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Res Microbiol. 2010 Mar;161(2):144-52. doi: 10.1016/j.resmic.2009.12.002. Epub 2009 Dec 23.

The 285 kDa Bap/RTX hybrid cell surface protein (SO4317) of Shewanella oneidensis MR-1 is a key mediator of biofilm formation.

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Laboratory for Protein Biochemistry and Biomolecular Engineering, Ghent University, 9000 Ghent, Belgium.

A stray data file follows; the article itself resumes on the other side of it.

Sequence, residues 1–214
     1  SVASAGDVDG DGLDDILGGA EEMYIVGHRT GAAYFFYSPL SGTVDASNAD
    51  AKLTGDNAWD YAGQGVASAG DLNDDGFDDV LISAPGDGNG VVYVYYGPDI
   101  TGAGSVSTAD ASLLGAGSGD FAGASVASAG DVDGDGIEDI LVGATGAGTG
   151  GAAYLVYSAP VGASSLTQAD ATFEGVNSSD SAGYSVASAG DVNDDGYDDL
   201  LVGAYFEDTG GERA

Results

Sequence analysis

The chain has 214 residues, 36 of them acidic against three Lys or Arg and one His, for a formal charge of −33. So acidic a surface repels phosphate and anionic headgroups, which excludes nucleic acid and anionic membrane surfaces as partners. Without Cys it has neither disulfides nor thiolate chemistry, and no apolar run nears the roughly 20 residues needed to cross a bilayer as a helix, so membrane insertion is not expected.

Shewanella oneidensis, a Gram-negative bacterium with unusual respiratory versatility, is found in soil and sediment environments, and sporadically as an opportunistic pathogen in humans and aquatic animals. The ability to form biofilms is a critical factor in the environmental spread and survival of this bacterium. We subjected S. oneidensis MR-1 to random transposon insertion mutagenesis to identify genes contributing to the ability of the organism to form biofilms on polystyrene surfaces. Follow-up of the clone that was most heavily impaired in biofilm formation led to the identification of a novel 285 kDa multi-domain protein which we have termed biofilm-promoting factor A (BpfA). BpfA is secreted by a type I secretion system to the cell surface, where it is a requisite for biofilm development. The BpfA-dependent biofilm phenotype is positively modulated by sub to low millimolar amounts of calcium. Intriguingly, BpfA features structural motifs and sequence fingerprints that can be traced back to bacterial Bap-family and RTX family proteins, two protein families harboring putative and established calcium binding sites.

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